But why do miners consent that some other miner managed to mine a valid block before them?
Any miner that is spending resources to find a new block will want to ensure that they are spending those resources in a way which gives them the highest chance of finding a valid block. Doing anything which lowers this chance is counter to their incentives, especially considering the competitive nature of mining.
So consider that when a miner hears about a new block, they would have two options:
- Start mining on top of the new block
- Ignore the new block, keep mining on the old one
With option one, if the miner is successful in finding the next new block, then they will receive the block reward for it.
With option two, if the miner is successful in finding a valid block, they will submit it to the network, but the network will already have heard about the other block at that same height. In this case, the rest of the network's miners will have already been mining on the block our miner chose to ignore. So now our block-ignoring miner will have to mine another block, so that their chain will become longer than the other chain that the other miners are working on. Otherwise, if the other miners extend their chain first, our block-ignoring miner will have wasted resources trying to create their own chain!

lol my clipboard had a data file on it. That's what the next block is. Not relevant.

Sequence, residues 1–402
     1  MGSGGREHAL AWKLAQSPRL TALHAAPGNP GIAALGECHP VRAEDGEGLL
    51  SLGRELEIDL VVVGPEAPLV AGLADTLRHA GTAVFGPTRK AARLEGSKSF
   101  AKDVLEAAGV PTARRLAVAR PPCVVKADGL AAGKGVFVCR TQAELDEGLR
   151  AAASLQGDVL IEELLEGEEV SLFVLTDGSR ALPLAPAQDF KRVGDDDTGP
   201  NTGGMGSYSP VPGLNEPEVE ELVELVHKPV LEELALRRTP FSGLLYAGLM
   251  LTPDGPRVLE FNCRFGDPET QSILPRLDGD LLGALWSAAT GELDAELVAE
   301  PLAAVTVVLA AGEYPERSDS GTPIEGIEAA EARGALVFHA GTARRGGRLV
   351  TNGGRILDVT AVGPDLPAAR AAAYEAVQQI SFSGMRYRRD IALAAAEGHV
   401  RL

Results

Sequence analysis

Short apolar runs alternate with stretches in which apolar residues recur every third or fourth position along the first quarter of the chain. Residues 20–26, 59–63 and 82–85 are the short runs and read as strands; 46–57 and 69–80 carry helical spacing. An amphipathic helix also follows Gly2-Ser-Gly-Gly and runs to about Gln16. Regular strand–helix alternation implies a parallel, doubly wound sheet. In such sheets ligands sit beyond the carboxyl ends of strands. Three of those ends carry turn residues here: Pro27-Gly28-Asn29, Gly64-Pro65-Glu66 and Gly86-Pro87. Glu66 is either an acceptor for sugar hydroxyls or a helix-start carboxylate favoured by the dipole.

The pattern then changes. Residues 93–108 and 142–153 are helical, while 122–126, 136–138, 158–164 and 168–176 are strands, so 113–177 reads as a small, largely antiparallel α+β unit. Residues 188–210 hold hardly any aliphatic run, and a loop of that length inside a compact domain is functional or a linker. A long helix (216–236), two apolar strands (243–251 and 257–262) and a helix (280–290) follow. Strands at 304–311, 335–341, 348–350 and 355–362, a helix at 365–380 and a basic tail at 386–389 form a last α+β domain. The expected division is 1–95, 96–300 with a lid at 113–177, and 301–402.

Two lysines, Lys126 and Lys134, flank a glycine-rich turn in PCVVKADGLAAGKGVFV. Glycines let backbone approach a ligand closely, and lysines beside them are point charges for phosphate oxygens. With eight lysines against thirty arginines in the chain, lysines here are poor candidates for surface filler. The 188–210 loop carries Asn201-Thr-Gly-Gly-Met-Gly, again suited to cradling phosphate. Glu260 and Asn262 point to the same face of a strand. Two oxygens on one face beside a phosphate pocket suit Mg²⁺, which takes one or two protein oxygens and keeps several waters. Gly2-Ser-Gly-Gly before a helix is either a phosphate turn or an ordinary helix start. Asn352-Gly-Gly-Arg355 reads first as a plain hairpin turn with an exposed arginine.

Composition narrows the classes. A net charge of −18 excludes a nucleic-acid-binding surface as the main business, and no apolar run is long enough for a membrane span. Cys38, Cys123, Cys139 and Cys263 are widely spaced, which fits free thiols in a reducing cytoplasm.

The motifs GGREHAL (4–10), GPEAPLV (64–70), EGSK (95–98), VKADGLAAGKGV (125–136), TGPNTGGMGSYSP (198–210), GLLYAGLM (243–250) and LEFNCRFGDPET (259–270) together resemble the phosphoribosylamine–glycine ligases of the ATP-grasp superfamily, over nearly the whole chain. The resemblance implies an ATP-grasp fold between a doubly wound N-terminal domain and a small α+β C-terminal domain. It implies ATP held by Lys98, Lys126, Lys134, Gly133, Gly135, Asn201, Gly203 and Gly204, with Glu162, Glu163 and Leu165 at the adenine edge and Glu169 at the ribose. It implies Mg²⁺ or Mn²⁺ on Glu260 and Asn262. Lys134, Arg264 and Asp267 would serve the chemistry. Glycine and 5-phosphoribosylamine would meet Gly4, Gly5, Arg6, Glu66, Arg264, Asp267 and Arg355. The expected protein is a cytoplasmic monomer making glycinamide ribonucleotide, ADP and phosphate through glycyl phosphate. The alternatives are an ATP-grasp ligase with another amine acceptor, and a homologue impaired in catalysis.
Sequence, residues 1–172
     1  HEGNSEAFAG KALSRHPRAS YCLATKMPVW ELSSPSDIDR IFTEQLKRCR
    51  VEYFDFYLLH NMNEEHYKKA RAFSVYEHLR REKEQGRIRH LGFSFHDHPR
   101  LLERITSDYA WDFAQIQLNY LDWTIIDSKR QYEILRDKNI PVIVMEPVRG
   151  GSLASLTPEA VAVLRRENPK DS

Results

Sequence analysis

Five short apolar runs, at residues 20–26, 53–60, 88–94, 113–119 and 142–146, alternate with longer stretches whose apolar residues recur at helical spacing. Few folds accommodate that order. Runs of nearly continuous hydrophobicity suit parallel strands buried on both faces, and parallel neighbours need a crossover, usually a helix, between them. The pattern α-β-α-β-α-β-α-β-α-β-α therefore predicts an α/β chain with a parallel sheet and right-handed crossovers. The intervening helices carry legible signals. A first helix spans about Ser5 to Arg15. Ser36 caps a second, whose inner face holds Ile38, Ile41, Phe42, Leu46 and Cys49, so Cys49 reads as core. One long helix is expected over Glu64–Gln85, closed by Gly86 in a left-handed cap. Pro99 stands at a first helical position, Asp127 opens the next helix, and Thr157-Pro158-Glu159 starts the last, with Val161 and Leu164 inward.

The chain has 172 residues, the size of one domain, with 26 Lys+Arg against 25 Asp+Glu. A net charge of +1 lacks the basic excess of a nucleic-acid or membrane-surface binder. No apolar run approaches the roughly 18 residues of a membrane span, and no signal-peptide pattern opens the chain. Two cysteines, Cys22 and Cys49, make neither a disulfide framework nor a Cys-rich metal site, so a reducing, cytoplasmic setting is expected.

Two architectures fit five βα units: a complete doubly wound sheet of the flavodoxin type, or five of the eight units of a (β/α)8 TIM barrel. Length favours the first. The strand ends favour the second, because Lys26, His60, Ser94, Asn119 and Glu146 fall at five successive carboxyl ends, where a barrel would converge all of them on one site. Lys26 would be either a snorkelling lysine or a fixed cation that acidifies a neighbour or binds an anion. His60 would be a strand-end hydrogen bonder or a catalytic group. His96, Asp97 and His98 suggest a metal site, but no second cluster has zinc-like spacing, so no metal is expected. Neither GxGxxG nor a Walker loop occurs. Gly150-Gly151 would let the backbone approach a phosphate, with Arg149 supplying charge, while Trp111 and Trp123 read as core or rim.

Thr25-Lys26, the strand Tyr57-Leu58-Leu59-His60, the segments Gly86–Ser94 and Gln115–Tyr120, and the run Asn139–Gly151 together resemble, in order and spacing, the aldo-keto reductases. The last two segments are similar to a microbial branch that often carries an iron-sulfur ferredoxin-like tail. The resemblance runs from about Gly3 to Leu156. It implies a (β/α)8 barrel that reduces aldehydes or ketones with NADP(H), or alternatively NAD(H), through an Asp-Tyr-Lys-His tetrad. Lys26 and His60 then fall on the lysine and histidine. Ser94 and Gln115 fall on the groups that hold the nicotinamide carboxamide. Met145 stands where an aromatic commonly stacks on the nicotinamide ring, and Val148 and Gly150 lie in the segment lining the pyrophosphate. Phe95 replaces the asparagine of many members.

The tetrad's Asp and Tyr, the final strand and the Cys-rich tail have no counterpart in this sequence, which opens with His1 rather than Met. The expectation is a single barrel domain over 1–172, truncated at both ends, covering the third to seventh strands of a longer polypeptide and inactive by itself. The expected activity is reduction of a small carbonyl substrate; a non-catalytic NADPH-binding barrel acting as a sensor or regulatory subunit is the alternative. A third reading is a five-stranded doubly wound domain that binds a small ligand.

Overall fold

If the other miners have more hashpower than the block-ignoring miner, then it is very likely the block-ignoring miner will fail. Consider that if you had 10% of the hashpower, you would fail to find the next block 90% of the time. And of course finding two blocks in a row is even harder!
Remember that mining is a memoryless, poisson distributed process, which means that every individual attempt at finding a valid hash has an equal probability of success. Think of it like rolling a di: if you roll ten '5's in a row, your chance of rolling a '5' on the next roll is still (1/6). The same principle applies to mining.
Why don't they claim that some other miner's block is invalid even if it actually isn't, and buy time to mine one themselves?
Every node on the network checks to see if each new block is valid, so there is no way for a miner to 'claim a block is invalid'. It simply is valid, or is not, this is easy for nodes to verify themselves.
Is it because all non-miners will validate anyway and miners don't want to risk having a discarded chain?